These are games and activities that your Scouts can do by themselves, in pairs, or in small groups. They are designed to give the Scouts something to "fiddle" with (hence the name) so that leaders, parents, and others can have a conversation, answer questions, set up, or prepare for an activity.
A filler is an activity or game that fills time (usually 5-10 minutes). This can help you keep Scouts busy while they are waiting, standing in line, transitioning from one activity to another, etc. Some of these filler activities are "self policing" in that once they are taught, the Scouts can lead the activities themselves, allowing leaders, parents, and others to set up, tear down, etc.
Paper Plate or Napkin (Safety Circle)
Small Cup with water/juice (Water Bucket)
Fork (Rake or Shovel)
Mini Marshmallows or Jelly Beans or M&M's
& Cheerios or Raisins (Fire Ring)
Potato Sticks or Shredded Coconut (Tinder)
Pretzel Sticks or Chinese Noodles (Kindling)
Pretzel Logs or Bread Sticks (Fuel Logs)
Red Hots or Red Licorice (Sparks, Small Fire)
Candy Corn (Large Fire)
With a real fire, when done the fire bucket would be used to put out the fire
and the rake or shovel would be used to stir it up until cold to the touch.
However, in this case just eat the fire and drink from the fire bucket
and leave a clean fire area!
Camp Site/Safety Circle: wax paper, paper towel, napkin, graham cracker,
For pictures go to http://www.scoutingweb.com/scoutingweb/SubPages/EdibleFire.htm
Materials: Craft foam, plastic canvas, craft foam glue or adhesive, alphabet or colored pony beads, small "snack sized" plastic bag, Sharpie or other permanent marker.
Potholder Frog Puppet
(Courtesy of MakingFriends.com)
Fold pot holder in half. Glue on pompoms for eyes. Add scraps of foam for pupils and nostrils. You can stitch a piece of elastic at the fold to hold the child's hand more securely. Open and close fingers to make the mouth move.
According to South American legend, rainsticks are played to serenade the gods as a reminder that rain is welcomed. Rainsticks are traditionally made from hollow cactus wood, thorns and pebbles. This version is made from a cardboard tube, tinfoil and popcorn kernels.
Trace around end of tube onto a piece of cardboard. Cut out. Glue one of these onto one end for a cap. Tightly roll pieces of tinfoil into a long snake about twice as long as your tube and about 1/2" in diameter. Push tinfoil snake into tube zig zagging it back and forth to fit. Pour 1/2 cup of pop corn kernels into tube. Cap off remaining end.
Materials: Bed sheet, beach towel, or small blanket; ping pong ball or other small object.
Directions: Form two teams. Each team holds an opposite end of a bed sheet. A ping pong ball is placed in the middle of the sheet. The object is to get the ball to fall off of the other team’s side, for a point. The sheet can be raised and lowered as needed but remind the players to be careful not to "launch" the ball as they will be very inclined to do so.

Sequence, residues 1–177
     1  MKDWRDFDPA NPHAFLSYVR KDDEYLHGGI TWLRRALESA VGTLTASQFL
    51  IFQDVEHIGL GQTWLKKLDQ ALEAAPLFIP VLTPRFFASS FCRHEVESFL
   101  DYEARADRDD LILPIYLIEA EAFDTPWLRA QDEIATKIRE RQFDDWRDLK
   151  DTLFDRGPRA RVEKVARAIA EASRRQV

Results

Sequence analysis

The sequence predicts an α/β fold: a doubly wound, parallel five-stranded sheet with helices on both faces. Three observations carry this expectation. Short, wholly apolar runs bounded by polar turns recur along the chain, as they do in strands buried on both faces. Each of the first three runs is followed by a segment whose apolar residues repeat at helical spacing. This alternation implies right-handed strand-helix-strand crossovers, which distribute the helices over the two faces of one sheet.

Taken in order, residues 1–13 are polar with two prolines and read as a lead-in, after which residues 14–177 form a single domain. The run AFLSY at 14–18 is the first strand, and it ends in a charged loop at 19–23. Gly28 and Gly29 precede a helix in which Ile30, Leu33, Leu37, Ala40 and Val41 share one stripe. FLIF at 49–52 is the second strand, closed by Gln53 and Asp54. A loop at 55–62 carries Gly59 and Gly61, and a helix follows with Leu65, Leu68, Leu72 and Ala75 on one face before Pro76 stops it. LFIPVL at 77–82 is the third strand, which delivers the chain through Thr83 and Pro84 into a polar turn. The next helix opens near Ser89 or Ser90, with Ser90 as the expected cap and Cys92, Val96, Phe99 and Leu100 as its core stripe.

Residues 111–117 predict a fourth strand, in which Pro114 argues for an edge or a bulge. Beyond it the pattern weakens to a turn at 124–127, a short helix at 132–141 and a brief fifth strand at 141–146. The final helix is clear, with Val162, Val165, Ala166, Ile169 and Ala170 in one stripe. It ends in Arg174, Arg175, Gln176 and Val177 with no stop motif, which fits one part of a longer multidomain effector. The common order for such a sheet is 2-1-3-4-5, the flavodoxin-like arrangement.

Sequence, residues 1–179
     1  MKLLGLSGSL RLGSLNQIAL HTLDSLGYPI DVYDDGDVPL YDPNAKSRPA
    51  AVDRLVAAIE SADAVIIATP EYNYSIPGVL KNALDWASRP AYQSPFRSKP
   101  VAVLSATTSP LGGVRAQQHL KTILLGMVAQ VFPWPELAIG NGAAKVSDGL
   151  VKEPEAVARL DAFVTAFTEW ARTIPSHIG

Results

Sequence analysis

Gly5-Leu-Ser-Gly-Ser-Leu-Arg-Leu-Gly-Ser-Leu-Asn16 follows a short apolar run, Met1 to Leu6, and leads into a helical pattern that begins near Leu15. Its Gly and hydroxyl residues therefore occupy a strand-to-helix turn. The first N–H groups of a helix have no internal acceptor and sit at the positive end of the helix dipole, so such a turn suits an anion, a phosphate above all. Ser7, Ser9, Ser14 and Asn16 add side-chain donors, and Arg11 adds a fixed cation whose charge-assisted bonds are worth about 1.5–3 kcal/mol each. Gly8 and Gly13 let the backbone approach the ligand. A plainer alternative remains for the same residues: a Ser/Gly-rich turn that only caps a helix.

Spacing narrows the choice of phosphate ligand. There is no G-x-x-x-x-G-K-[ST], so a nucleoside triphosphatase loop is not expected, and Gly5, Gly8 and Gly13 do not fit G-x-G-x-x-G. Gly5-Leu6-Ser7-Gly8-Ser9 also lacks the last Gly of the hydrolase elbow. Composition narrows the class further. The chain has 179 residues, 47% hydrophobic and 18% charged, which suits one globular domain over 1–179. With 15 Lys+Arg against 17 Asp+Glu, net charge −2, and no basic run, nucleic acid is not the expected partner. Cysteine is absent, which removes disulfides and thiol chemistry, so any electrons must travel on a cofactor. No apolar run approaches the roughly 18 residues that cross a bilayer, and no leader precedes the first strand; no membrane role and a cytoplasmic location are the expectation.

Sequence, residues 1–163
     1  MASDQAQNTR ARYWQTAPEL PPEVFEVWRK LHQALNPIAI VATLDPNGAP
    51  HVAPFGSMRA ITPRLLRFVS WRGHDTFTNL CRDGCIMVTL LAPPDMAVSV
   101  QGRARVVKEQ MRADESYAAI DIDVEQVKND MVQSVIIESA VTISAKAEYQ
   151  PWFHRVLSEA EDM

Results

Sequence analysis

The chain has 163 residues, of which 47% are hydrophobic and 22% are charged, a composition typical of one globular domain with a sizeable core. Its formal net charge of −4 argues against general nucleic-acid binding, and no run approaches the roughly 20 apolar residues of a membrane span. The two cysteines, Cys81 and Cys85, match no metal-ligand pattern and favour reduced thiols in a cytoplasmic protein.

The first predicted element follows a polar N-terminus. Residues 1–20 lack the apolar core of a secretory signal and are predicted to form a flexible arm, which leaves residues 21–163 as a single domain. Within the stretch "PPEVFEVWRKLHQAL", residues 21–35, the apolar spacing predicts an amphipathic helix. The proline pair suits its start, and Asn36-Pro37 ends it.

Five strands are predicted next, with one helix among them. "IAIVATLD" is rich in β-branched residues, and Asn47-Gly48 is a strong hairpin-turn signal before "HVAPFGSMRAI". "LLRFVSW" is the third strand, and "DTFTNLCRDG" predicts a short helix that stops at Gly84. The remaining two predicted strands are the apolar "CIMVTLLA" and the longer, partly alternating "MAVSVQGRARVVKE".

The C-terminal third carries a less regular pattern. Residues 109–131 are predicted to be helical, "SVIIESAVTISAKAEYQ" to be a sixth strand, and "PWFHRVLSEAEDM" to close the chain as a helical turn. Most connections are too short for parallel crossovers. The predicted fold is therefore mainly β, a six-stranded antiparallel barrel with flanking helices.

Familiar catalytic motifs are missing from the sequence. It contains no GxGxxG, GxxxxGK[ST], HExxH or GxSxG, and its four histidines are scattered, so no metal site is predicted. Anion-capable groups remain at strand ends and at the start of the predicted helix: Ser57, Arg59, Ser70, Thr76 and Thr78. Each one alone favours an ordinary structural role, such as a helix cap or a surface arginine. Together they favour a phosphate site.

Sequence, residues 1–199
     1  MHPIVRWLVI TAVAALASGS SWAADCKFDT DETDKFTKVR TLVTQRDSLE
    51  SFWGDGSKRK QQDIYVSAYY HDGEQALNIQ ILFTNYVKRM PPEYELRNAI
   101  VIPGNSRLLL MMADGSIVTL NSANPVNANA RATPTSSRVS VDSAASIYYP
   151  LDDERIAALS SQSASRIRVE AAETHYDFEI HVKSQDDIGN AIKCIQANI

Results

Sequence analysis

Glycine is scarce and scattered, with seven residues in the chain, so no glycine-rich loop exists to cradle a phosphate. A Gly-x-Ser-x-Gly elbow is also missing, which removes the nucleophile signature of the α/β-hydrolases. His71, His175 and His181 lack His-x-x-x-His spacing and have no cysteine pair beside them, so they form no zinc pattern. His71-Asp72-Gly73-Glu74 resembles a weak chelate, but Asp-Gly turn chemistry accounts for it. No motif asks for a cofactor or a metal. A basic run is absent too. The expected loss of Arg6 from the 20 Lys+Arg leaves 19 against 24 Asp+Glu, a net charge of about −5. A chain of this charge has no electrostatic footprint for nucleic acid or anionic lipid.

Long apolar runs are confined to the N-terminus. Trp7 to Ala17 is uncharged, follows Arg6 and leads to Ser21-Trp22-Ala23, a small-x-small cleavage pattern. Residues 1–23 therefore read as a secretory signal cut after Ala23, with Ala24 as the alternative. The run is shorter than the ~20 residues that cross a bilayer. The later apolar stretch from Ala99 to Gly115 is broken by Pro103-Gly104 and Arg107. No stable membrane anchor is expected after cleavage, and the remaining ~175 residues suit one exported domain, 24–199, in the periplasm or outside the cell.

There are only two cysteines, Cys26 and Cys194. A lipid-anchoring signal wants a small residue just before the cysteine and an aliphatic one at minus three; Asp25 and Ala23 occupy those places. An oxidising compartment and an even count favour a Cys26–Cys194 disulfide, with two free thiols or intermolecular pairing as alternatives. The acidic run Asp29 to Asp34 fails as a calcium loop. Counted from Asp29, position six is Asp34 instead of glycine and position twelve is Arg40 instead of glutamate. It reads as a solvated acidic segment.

Variation: Use an object such as a pine cone that is not round and rolls unevenly. You can also play this in pairs using a bandana and a small ball, marble, etc.
Supplies: For each Scout: alka-seltzer/sodium bicarbonate tablet (drill a hole in the center), 18-inch string, plastic baggie
This game is for hot summer days and can be played in shallow water, on a beach, or anyplace where there is a water supply. Participants CAN wear swimsuits.
Directions: Each Scout puts on his necklace and fills his baggie with water.
When the judge says, "GO!" everyone tries to spray the necklace of other Scouts while keeping his own necklace dry. The tablets will dissolve when they get wet. When a Scout's tablet dissolves, he is out of the game and goes to a designated area. This game can be played in teams or each man for himself.
If not at a beach, the water supply should have a boundary around it inside of which is a free-zone for filling baggies. Also have a rule against staying in the free-zone for too long.
By partially closing the baggie, it can shoot a good stream of water.
Variation: Tie on as a bracelet on the wrist or an ankle bracelet so that people don’t get sprayed in the face.
DIRECTIONS: This game is played the same way as with "Paper, rock, scissors." The difference is the symbolic gestures used. To start, everyone is to find a partner. (If your group has an odd number, don't worry, because those who get out in the first round, will open up for those who didn't get in.) Once everyone is ready to play with their partner, students are to stand back to back. At the word "Go" students turn around immediately giving their gesture of play. Here is how it is done. Scouts decide at "go" what they are going to be. GORILLA roars out loud with hands beating chest. MAN just stands there with his/her head faced up (as a stance of pride) with hands and arms folded. GUN is using the hand shaped like a gun and the person says bang.
RULES: Gorilla beats man (because he his bigger and stronger); Man beats gun (because he invented it); and gun beats gorilla. Whoever beats their partner, goes and finds another partner who won, and losers are out.